“I like playing ball,” he says. “That’s where I’m almost always happy.”

Now it’s the spring and everything lies before him. The sports pages are full of questions: what’s the matter with Gooden and why isn’t Dykstra hitting and will the loss of Ray Knight change everything and why does McReynolds look so out to lunch. Nobody writes much about Hernandez; his career and his style don’t provoke many questions. He will tell you that he thinks Don Mattingly is “the best player in the game today,” but admits that he seldom watches American League games and isn’t even interested in playing American League teams in spring. The next day, for example, the Mets are scheduled to play the Blue Jays in nearby Dunedin. “I’d rather not even go,” says Hernandez. “It’s a shit park and we’re never gonna play these guys, so why?”

In the clubhouse, nothing even vaguely resembles a headline; Hernandez does talk in an irritated way about Strawberry, as if the sight of such natural gifts being inadequately used causes him a kind of aesthetic anger. “Last year, he finally learned how to separate his offense from his defense and that’s a major improve­ment,” Hernandez says. “Before, if he wasn’t hitting, he’d let it affect his field­ing. Not last year.”

His locker is at the opposite end of the clubhouse from that of Gary Carter, who is the other leader of the club. I’m told that some players are Carter men, some Hernandez men. There could not be a greater difference in style. Carter is Mis­ter Good Guy America, right out of the wholesome Steve Garvey mold. You can imagine him as a Los Angeles Dodger­ — but not a Brooklyn Dodger. He smiles most of the time and even his teeth seem to have muscles; he radiates fair-haired good health; if a demon has ever entered him, he shows no signs of the visit.

You can see Carter on a horse, or kicking up dust with a Bronco on some west­ern backcountry road or strolling toward you on the beach at Malibu. Hernandez is dark, reflective, analytical, urban. Through the winter, you see him around the saloons of the city, sometimes with friends like Phil McConkey of the Giants, other times with beautiful women. His clothes are carefully cut. He reads books, loves history, buys art for his apartment on the East Side. Carter is the king of the triumphant high-fives; Hernandez seems embarrassed by them. In a crisis, Carter might get down on a knee and have a prayer meeting; Hernandez advocates a good drunk. Between innings, Carter gives out with the rah-rah on the bench; Hernandez is in the runway smoking a cigarette.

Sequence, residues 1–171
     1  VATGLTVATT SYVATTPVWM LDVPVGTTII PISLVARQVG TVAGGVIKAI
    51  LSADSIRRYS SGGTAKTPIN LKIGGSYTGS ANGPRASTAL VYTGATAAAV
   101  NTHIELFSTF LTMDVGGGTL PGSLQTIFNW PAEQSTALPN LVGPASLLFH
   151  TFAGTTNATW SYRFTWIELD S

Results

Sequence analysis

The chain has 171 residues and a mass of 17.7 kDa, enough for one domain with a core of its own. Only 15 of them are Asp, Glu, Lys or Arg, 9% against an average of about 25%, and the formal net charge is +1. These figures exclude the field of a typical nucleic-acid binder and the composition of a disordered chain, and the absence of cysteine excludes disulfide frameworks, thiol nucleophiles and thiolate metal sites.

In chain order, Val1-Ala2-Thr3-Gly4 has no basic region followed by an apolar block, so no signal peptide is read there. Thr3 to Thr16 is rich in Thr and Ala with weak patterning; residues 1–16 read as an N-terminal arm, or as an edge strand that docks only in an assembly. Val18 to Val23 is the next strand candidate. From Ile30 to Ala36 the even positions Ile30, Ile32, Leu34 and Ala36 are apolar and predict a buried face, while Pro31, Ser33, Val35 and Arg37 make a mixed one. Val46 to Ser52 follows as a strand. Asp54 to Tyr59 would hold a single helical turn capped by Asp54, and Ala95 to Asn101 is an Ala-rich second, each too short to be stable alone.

They are friendly, of course, in the casual way that men on the same team are friendly. But it’s hard to imagine them wandering together through the night. Hernandez speaks about his personal loneliness and fear; Carter smiles through defeat and promises to be better tomorrow. Both are winners. In some odd way, they were forever joined, forever separated, during the Greatest Game Ever Played (well, one of them): the 6th playoff game against Houston. In the 14th inning, Billy Hatcher hit a home run off Jesse Orosco to tie the game. There was a hurried conference on the mound. Hernandez later said he told Carter, “If you call another fastball, I’ll fight you right here.” Carter insists that the words were never uttered, telling Mark Ri­bowsky of Inside Sports: “Keith never said that, he just told the press that he did out of the tension of the game. I call the pitches and I decided not to throw anything after that but Jesse’s slider, his best pitch. Let’s get that straight once and for all.”

That was last season. This is the new season, and in the cool mornings of the Florida spring, they are all still thousands of pitches away from the fierce tests of August, the terrors of September. There will be crises, dramas, lights, slumps, fail­ures, disappointments, along with giddy joyous triumphs. There are perils up ahead. The Cardinals might get them­selves together again; the Phillies had a great second half last year and could come on strong. When you’re a champi­on, you have to defend what you’ve won. But for now, they are all months away from discussions of such arcane phenom­ena as the All Important Loss Column. Up ahead lies the season of the summer game and it remains a mystery, a maybe, a perhaps.

On another morning, Hernandez was waiting to take his swings, 10 hits apiece, and two young women were standing be­hind the fence, chewing gum. “They’ve gotta be from New York,” Keith said. “Every girl in New York chews gum. Ev­erywhere. All the time. In restaurants. In bed. Drives me crazy.” He laughs. He looks at a foam rubber pad he wears in BP to protect his left thumb, which was hurt when Vida Blue jammed him in a game years ago. Then he steps in and takes his swings, the straight level strokes his father taught him, always making contact, intense in his concentra­tion. That day, he wasn’t playing in the team game, and the field was almost empty. When he was finished hitting, he and Backman helped pick up all the balls and handed them to Perlozzo. Dave Magadan was ready to hit. Hernandez leaned down and touched his toes. “I’d like to go back to bed,” he said. “But I can’t do that anymore. I’m getting old…”

With that he walked out onto the empty field, and then began to jog easily and gracefully through the lumpy grass, and then to run, out around the edges of the field, under the palm trees beside the fence, a lone small figure in a lush and verdant place. ❖

This article from the Village Voice Archive was posted on April 7, 2020